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Jpn J Pharmacol. 1982 Dec;32(6):1075-81.

The role of the locus coeruleus in regulation of seizure susceptibility in rats.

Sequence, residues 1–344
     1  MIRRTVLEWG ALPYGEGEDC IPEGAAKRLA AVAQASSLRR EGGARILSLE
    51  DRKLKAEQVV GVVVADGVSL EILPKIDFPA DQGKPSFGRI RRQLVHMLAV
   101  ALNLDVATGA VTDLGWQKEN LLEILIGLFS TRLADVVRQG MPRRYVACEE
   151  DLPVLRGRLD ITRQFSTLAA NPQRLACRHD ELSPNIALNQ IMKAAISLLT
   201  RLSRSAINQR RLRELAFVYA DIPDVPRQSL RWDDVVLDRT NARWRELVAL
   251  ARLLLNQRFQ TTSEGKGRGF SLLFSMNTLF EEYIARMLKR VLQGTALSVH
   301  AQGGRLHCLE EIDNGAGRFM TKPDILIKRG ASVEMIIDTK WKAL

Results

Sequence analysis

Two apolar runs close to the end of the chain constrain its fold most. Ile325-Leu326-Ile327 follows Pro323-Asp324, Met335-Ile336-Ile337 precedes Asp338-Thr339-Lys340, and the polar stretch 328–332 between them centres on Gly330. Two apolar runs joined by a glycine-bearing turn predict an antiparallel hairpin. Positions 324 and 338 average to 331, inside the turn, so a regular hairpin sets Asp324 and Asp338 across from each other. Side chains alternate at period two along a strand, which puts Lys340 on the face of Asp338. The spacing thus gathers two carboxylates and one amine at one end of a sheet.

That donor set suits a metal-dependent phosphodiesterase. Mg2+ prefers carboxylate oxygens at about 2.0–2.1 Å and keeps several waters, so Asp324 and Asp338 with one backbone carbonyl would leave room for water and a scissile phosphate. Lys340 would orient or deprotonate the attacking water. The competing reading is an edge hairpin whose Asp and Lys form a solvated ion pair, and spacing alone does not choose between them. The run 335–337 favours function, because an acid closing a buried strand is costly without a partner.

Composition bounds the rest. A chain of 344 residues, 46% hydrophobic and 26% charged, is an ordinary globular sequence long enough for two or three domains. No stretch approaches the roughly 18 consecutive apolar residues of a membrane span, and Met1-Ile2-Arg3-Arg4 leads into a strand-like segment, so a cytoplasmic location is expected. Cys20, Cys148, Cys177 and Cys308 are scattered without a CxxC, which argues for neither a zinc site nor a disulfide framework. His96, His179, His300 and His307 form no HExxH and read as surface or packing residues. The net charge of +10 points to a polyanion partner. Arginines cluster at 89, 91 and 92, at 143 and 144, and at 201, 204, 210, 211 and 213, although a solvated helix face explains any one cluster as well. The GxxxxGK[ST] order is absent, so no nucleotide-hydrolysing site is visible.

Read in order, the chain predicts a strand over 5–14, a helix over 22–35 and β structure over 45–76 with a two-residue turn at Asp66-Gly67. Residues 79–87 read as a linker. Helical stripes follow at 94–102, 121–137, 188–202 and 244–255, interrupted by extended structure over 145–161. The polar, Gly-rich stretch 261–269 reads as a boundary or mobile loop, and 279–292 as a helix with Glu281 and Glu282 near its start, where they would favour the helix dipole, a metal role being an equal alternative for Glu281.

When studying the role of the locus coeruleus (LC) in the regulation of seizure susceptibility in rats, we found that bilateral LC lesion significantly lowered the electroshock seizure threshold for the tonic extension of forelegs. The pattern of maximal electroshock seizure was not affected by LC lesion, although the recovery time was slightly prolonged. In the pentylenetetrazol (PTZ) seizure threshold test, LC lesion significantly elevated the twitch threshold, but did not affect the threshold for the generalized clonic seizure or clonic convulsion. Incidence of the tonic extension in the PTZ seizure test tended toward an increase with LC lesion. Biochemical determinations revealed that LC lesion significantly decreased the norepinephrine contents in various brain regions as well as the 5-hydroxytryptamine contents of some brain regions, but not the 5-hydroxyindoleacetic acid contents. These results suggest that while the LC is involved in the regulation of seizure susceptibility, the involvement differs with various types of seizures.

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